Who has heard of Ralph Hodgson today, this strange Englishman who expired in 1961 in a small town in the American mid-west? His best known works such as “The Bells of Heaven” seem nothing more substantial to modern ears than pleasant rhymes to charm children and those in a less demanding frame of mind. But I think it is intellectual pretension to think this; every poem has it`s merits, no matter how taxing or not the structure and language may be. Shakespeare wrote beautiful rhyming couplets, and the ebb and flow of his artfully constructed language may seem simplistic but is impossible to replicate. Such is the spark of genius which is sadly out of reach for 9 out of 10 cats. If it could be copied, it wouldn`t be genius but matter of fact, mundane normality which would make life so dull and unbearably uninteresting.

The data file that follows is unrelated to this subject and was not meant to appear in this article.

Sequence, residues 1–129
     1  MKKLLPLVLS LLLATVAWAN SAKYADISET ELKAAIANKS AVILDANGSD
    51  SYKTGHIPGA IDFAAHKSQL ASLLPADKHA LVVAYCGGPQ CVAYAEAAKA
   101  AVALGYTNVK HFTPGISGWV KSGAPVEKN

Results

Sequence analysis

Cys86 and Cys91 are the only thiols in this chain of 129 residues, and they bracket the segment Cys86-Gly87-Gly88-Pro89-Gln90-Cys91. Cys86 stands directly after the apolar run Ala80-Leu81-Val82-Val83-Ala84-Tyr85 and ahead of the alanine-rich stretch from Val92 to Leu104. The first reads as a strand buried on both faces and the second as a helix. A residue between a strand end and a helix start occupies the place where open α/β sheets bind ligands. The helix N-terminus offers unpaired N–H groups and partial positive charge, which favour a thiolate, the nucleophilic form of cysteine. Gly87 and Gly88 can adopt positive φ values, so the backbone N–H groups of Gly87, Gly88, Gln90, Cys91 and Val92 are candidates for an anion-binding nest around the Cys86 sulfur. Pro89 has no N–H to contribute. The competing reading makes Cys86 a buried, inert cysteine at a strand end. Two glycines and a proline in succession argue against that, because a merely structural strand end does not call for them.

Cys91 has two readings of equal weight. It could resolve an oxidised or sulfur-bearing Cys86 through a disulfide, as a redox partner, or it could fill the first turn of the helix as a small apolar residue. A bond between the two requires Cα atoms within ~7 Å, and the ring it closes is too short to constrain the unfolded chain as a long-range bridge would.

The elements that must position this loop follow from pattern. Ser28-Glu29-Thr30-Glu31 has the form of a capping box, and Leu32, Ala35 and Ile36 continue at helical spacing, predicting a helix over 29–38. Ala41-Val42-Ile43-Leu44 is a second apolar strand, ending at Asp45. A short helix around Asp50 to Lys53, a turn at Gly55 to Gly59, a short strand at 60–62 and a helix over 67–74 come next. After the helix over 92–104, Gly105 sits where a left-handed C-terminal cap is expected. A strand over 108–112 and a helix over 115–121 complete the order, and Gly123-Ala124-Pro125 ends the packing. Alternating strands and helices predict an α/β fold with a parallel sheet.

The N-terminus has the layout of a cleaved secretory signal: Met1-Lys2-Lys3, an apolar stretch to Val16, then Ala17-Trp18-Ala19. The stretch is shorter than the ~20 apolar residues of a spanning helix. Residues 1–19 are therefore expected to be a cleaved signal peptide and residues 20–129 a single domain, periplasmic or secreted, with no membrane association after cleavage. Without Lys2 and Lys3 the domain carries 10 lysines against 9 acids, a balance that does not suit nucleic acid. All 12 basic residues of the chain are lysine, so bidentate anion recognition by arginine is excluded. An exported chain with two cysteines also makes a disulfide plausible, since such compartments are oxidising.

In his day, Hodgson was admired by such luminaries as Siegfried Sassoon, Stephen Spender and T.S. Eliot for his unchanging, simple poetry of the heart, which ignored the tide of fashion as it came and went; he was a chilled out, almost lazy character, who lacked concern over riding the wave along with the rest of the herd. He was a working class lad of little education by today`s standards: a free spirit who mingled with fairground people and gypsies and went to London to make his fortune from illustrating for popular magazines; but it was his poetry which tugged at his soul and claimed his heart.His poetry harkens back to a pre-industrial world of free people and animals, of dreamy, pastoral landscapes of bird song, water meadows and deep, darkening woods. But the England he wrote about was a product of his dreams, and so he ended his days in a remote Ohio village, detesting the literary, social and political gloom of the reality of life in England. He needs to be rediscovered, but Ralph Hodgson possibly defies a juicy biography, his life lacking all of those bits and pieces of a fractured and tortured existence which seems mandatory for good subject matter. He didn`t drink, kept himself to himself, was indolent and anti-blood sports; a quietness of the soul which defies self revelation. His poetry was also quiet, gentle and romantic; there`s nothing that stands on it`s head and shouts at you demanding attention for it`s pyrotechnic display of words; but great poetry can be deceptively simple and quiet; ultimately, it`s all about the creative use of language.